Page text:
Knowing how many marks were required in each track, a painter would find it easy to fill them in free-hand after determining a midpoint in each border, and then subsequent midpoints, in smaller and smaller subdivisions of each. It would be a simple calculation to determine how many marks or tracks had to be painted in each subdivision to give the total wanted for each track, and for the fresco’s grand total. Thus, the tracks could be painted in with the mathematical precision required by a calendar, even though their spacings, done free-hand, are therefore not perfectly regular.


Are there other contemporary examples of these tracks and crescents to compare? Above is a fragment (and detail at center) of a different Bull Leap fresco panel, showing these crescents and tracks together as a border. Yet, compared with “the” fresco’s crescents, these are more elongated. Their rounded ends also point the opposite way, a substantial contradiction to the view that the bordering “ran without a break…one panel to another.” We see differences in the detailing of both white and blue examples; and, this border-fragment includes figures Evans called “germinating seeds” among the crescents. Possibly the crescents are “only rocks” in the scene’s surrounding earth, the seeds splitting open with life.

If seeds germinate only in their seasons, their placement might suggest something about phases and time where they fall. (There are 9 seeds clustered round the crescent: as winter months approach beyond the 9th moon, Crete sows next year’s grain.) Clearly, the Bull Leap panels’ borders were not all alike. We can see that the unequal and non-aligned distribution of tracks in each was a convention across the panels. And it appears below that among all examples of these tracks and crescents, only in the Bull Leap panels were they used together.

Below is the one other cousin of these crescent-forms—from the great relief of the bull and olive tree above the north entrance to Knossos Labyrinth (with an enlarged detail of a crescent below it). These upright crescents do seem to represent a “rocky surround,” and in the enlarged detail, we may see an inmost cache of possible “seeds” again. Altogether, there seems to be no example to contradict or eliminate the use of such forms elsewhere for other purposes.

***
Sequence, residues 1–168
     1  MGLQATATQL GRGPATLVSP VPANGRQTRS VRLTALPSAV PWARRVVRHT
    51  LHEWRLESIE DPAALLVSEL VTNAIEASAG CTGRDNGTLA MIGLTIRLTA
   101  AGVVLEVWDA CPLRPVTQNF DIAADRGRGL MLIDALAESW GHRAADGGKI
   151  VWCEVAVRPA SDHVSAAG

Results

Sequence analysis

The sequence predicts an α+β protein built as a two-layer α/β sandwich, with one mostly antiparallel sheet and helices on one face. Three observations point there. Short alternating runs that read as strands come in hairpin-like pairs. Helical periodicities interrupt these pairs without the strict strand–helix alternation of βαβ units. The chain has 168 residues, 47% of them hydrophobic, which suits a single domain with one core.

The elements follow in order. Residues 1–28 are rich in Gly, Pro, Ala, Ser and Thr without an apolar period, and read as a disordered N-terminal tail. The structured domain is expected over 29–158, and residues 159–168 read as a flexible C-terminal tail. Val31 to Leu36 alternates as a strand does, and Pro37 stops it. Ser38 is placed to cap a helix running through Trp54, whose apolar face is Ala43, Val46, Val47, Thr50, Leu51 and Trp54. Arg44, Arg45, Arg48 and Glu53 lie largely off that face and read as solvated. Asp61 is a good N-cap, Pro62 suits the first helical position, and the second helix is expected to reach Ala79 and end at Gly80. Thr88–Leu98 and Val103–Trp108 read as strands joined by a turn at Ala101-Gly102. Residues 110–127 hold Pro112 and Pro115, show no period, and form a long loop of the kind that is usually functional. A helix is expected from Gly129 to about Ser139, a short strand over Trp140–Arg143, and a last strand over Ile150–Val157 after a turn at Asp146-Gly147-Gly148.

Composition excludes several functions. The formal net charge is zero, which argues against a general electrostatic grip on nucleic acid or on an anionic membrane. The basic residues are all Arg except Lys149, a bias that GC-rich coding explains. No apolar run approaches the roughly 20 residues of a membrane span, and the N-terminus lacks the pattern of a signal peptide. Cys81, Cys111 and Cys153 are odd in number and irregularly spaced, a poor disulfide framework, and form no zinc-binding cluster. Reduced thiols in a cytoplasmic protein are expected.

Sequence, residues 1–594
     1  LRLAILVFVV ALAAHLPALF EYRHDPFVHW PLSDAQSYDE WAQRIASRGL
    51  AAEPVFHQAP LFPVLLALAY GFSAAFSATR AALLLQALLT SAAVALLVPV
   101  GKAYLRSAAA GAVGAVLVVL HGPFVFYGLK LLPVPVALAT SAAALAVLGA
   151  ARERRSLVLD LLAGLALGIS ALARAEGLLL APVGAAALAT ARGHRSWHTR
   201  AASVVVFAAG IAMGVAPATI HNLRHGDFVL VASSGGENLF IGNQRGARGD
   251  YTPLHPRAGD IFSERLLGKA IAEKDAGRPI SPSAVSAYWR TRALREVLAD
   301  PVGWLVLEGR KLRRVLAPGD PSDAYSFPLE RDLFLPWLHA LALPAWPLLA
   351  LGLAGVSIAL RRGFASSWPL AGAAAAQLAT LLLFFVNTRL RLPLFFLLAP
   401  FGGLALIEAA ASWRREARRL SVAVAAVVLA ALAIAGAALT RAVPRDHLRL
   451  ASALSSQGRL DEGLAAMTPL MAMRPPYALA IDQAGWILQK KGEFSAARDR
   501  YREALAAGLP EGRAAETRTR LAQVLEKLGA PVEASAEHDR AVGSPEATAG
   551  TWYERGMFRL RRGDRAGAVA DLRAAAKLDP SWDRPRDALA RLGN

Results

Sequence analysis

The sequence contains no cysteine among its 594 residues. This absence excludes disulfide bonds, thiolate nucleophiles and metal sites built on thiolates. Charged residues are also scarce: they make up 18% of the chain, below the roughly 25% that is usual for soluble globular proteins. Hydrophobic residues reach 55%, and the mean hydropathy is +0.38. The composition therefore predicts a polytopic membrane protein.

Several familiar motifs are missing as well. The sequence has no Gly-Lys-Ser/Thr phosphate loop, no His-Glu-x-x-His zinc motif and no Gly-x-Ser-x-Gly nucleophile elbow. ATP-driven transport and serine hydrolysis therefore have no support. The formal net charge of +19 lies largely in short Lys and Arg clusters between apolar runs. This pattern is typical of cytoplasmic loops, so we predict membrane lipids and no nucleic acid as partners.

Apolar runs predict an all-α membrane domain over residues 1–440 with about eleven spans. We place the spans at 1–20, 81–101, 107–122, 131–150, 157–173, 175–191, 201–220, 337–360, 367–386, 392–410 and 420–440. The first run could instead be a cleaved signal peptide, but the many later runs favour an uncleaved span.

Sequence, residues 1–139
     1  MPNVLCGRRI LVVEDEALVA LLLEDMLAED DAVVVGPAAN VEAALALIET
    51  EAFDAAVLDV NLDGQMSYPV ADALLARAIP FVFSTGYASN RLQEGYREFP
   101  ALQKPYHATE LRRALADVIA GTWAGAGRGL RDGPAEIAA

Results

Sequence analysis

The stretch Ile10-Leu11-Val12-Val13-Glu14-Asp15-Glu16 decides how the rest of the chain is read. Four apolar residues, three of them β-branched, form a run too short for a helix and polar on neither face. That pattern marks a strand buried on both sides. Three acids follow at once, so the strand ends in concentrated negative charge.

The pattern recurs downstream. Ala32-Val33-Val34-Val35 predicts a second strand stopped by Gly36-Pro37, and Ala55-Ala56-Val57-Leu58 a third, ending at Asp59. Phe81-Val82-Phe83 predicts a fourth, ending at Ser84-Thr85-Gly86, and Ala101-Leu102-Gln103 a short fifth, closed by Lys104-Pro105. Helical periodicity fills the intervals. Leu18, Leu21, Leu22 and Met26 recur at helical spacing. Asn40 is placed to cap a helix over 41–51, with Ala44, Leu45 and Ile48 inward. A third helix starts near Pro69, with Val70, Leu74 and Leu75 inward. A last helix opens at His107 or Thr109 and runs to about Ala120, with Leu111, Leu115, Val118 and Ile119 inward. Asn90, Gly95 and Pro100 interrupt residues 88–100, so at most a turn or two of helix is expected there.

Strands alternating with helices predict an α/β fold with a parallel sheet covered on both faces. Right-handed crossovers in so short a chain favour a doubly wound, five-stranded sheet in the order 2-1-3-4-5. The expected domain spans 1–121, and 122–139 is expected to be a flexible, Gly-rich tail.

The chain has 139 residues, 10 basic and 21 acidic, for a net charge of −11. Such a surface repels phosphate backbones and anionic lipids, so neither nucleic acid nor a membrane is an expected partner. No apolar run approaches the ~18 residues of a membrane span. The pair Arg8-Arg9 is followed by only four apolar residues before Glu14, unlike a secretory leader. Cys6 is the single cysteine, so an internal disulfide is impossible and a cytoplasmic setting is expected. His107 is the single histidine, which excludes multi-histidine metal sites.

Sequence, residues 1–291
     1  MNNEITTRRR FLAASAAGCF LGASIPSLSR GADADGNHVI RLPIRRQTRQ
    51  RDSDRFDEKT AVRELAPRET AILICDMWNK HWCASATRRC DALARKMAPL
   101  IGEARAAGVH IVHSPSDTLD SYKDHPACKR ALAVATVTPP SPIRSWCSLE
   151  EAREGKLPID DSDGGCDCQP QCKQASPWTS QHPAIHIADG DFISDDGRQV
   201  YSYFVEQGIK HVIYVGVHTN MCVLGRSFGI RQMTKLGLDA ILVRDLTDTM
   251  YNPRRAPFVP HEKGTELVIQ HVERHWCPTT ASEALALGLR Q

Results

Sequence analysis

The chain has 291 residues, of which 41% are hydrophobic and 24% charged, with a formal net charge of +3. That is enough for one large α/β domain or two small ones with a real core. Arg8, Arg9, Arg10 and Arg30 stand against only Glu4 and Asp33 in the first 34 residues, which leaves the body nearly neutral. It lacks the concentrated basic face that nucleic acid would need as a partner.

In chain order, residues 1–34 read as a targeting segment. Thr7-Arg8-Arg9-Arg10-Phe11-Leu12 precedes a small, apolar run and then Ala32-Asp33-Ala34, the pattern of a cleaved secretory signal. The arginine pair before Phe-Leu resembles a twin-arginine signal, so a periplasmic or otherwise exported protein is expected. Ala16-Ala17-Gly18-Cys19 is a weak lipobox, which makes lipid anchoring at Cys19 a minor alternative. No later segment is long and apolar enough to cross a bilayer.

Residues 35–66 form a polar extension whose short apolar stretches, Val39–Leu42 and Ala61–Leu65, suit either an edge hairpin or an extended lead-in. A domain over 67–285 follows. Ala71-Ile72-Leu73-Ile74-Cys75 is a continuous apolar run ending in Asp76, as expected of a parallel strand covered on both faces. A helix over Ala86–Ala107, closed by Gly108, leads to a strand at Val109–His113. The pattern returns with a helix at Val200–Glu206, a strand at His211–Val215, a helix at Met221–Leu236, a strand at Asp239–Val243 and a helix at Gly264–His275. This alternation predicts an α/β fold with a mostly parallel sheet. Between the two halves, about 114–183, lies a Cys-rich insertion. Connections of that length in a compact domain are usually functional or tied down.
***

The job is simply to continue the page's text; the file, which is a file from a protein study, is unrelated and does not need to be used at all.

What other contemporary examples of “tooth or dentil” border patterns or tracks do we find? The first fragment below (from Cameron/Hood’s Atlas) adorned the Labyrinth’s west court “Pillar Shrine,” and dates from the latter Middle into Late Minoan times, like the Bull Leap frescoes. The track-pattern here is associated with three central and sacred Minoan symbols, pillars, double axes and “horns of consecration.” The misaligned orange and blue rows match the Bull Leap fresco borders except in their tracks’ red and blue-green colors.



While we have one example (the north entrance bull relief) of crescents all but surely used as only “rocky surround,” the other examples of these rows of tracks come from likewise sacred contexts—as shown next, below, in these Atlas restorations of the “Pillar Shrine Miniature Fresco,” which is believed to show a main and actual west court shrine, perhaps during a Minoan festival.




While we see the same characteristics in these rows of tracks, note for later the 5 colored disks across the top of the shrine (lower example): orange, blue, red, black and white, the same 5 colors that repeat (in different sequence) in the Bull Leap fresco’s crescents, as we will see. The last two examples of these tracks follow.

First is a restored painted-plaster detail from below the west wing magazine’s 13th “cist,” dated by Evans to after 1700 BCE, or Middle Minoan III. Below the cist is a border (dated after 1600 or Late Minoan IA) from an east wing light-well, just south of where the Bull-Leap fragments were discovered. Are the rows of tracks allusions to the Bull Leap fresco border, or were they borrowed from here and modified for fresco use?


The varied spacings of tracks in most examples keep their paired rows out of full alignment. Although they appear in sacred contexts, none of these exampled tracks are combined with crescents. There are earlier examples of these tracks (ahead.) As for later Minoan uses, orange and blue rows do border the rosettes along the sides of the Late-period Agia Triada larnax, but with a very different “dentil” pattern.

Here, finally, are collected later Mycenaean examples of these tracks, all from Tiryns and Mycenae. In the first at left below (from Tiryns), tracks border a bull-leaping scene in a way quite reminiscent of the Knossos fresco in question. The next two examples, both from Mycenae—at right in the first row, and in the center, next row—also share track-borders, surrounding scenes of ritual and athletics including bulls. Then, in the bottom row at left, we see the tracks forming part of a shield-bearing fresco from Tiryns, and in it the tracks combine not with crescents but with running spirals. At bottom-right, finally, is a detail from Tiryns’ “Women’s Procession” fresco. It appears that on the mainland, these tracks retained the same “free-hand” alignments, and as well, their prestigious associations with bull-sports, ceremonies, and acknowledged symbols of power.